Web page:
This week’s trip into the kid’s cultural cafeteria features soon-to-be-diva Chloe Bailey, a murder-mystery, and Star Wars in anime form. It’s an all-you-can-eat buffet, and no one will shame you for your choices.
Here’s what you need to know about pop star Chlöe, aka Chlöe Bailey. The 23 year-old singer may be on the cusp of breaking very big: She killed it at the VMA’s a couple weeks ago, and the stylish, provocative video for her banger, “Have Mercy” is blowing up on YouTube, garnering kudos for its heavily Beyoncé-influenced sound and condemnation for its no-fucks-given sexuality. All of this is the perfect launchpad for a would-be diva with a hotly anticipated first solo album coming out soon. It’s either the start of a long career, or the apex of an almost-was; birth of a diva or birth of questions like, “remember that woman who had hair like Medusa and that one killer song? What ever happened to her?”
People on TikTok are very interested in what other people eat. The hashtag #whatieatinaday has over 8.5 billion views. That’s more views than there are people on the planet. As you might expect, this vast community has many different takes on eating, from health-foodies to just-shovel-any-crap-into-your-mouthhole aficionados. As you’d also probably expect, commenters can’t stop shaming people for the food they eat, particularly overweight people, who apparently can’t eat an extra egg for breakfast without people coming down on ‘em. This combination of excessive-interest-in-minutia and bigotry is just very Internet.
The “devious licks” trend started as absurdist TikTok thievery and devolved into wholesale bathroom vandalism, people freaking out, and arrests across the country. It’s old, and I’m only writing about it because I want to tell you about the counter-trend: Angelic yields.
Angelic yields are videos of people dropping off toilet paper, soap, money, and more in bathrooms. It’s kids’ way of saying, “Hey, sorry about all the vandalism and theft. Have a pencil.” Which is nice, but I’m not ruling out the possibility that these videos are actually school administrators and janitors pulling a “how do you do, fellow kids?”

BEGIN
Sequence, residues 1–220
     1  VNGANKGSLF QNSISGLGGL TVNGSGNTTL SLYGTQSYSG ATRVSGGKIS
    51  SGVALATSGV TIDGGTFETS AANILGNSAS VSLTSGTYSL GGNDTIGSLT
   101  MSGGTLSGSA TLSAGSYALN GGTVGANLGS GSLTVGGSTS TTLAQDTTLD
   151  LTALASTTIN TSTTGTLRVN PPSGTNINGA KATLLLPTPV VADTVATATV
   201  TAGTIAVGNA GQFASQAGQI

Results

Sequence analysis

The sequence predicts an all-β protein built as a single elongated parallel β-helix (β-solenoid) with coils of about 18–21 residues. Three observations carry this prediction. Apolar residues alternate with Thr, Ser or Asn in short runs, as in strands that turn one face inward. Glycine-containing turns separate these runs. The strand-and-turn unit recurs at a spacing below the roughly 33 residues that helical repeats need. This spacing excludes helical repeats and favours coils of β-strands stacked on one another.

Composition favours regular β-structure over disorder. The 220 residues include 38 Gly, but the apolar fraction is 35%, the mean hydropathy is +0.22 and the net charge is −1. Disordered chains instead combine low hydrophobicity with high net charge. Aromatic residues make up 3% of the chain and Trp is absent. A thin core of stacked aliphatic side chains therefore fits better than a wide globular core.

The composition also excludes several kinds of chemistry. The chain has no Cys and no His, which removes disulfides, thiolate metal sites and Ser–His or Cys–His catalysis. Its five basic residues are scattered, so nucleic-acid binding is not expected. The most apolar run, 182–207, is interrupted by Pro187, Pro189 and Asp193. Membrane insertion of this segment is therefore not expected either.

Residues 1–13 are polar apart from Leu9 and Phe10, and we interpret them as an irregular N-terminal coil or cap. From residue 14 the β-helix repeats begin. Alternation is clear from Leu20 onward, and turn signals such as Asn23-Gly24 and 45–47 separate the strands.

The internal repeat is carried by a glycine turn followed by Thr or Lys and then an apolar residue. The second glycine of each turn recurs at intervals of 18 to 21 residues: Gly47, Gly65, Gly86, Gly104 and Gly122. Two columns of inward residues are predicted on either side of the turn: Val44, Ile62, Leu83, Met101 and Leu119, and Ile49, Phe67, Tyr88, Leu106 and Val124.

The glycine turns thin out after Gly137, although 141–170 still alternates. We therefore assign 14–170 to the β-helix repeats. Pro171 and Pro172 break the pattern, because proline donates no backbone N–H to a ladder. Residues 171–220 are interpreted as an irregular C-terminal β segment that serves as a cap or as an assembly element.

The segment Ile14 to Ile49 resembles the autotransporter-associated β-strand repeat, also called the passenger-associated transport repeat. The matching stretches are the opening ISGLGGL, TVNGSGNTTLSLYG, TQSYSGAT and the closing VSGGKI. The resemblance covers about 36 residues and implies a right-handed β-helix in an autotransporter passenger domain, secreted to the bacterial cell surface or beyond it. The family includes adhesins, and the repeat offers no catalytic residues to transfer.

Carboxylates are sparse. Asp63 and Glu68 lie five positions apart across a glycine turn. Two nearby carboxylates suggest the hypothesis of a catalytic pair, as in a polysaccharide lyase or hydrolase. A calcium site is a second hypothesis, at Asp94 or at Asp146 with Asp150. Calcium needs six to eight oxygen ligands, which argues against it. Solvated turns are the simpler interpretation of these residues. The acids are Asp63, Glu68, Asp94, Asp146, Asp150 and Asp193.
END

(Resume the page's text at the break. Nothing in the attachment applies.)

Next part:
The disappearance of Instagrammer Gabby Petito—and the subsequent discovery of her corpse—has galvanized the entire world, with everyone from true crime freaks to random ghouls on TikTok obsessing over the unfolding as if her life were a murder-drama podcast. As of this posting, the main person-of-interest, Gabby’s once-boyfriend Brian Laundrie, is nowhere to be found, but everyone’s looking.
Leads and news include the (dubious) assertion that Laundrie streamed a video as recently as Monday, the less-dubious account of a TikToker who says her tip may have led police to Gabby’s body, the unconfirmable tea-leaf reading of internet crime-junkies combing through the missing man’s Pinterest page for clues, and the report of a family who say they took video of the couple’s abandoned van while traveling. Is all this online sleuthing going to lead to the missing man? Probably not, but it would be good if it did.
Star Wars fans are geeking out over Star Wars Visions, the just-released anthology of nine short films set in the Star Wars universe, made by top Japanese animation studios. In contrast to the film epics, these are smaller, more intimate stories. Like any anthology series, some entries are better than others (The Duel from production house Kamikaze Douga and director Takanobu Mizuno stands out), but all offer a unique vision of the Star Wars universe and an object lesson on how to expand a filmic universe without watering it down. You can watch ‘em if you have Disney+.
Strange TikTok alert: The creator of TikTok channel ASMR Playroom makes videos of herself playing with her child’s toys in order to provide a “really peaceful experience.” She says her channel “brings you back to that quiet place—childhood.”
Not to judge anyone’s pastimes, but this channel combines two things I absolutely do not understand: ASMR and nostalgia for childhood. I find the whole ASMR thing very strange. Repetitive videos of people whispering, eating food, combing their hair, or playing with toys are not soothing to me. I find them unsettling. And I find nostalgia for childhood inexplicable. Who’d want to go back to childhood? Children smell bad, don’t understand irony, and aren’t allowed to drink gin.
I like art that crosses generational and cultural lines, and Lil Nas X’s slow, sultry cover of Dolly Parton’s iconic 1974 hit “Jolene” obliterates both time and the cultural conformity of country music. Kids and their grandparents flipping out for a gay, Black man killing a white bread country classic about adultery brings a tear to my eye. America has its problems, but when it works, it’s a beautiful thing.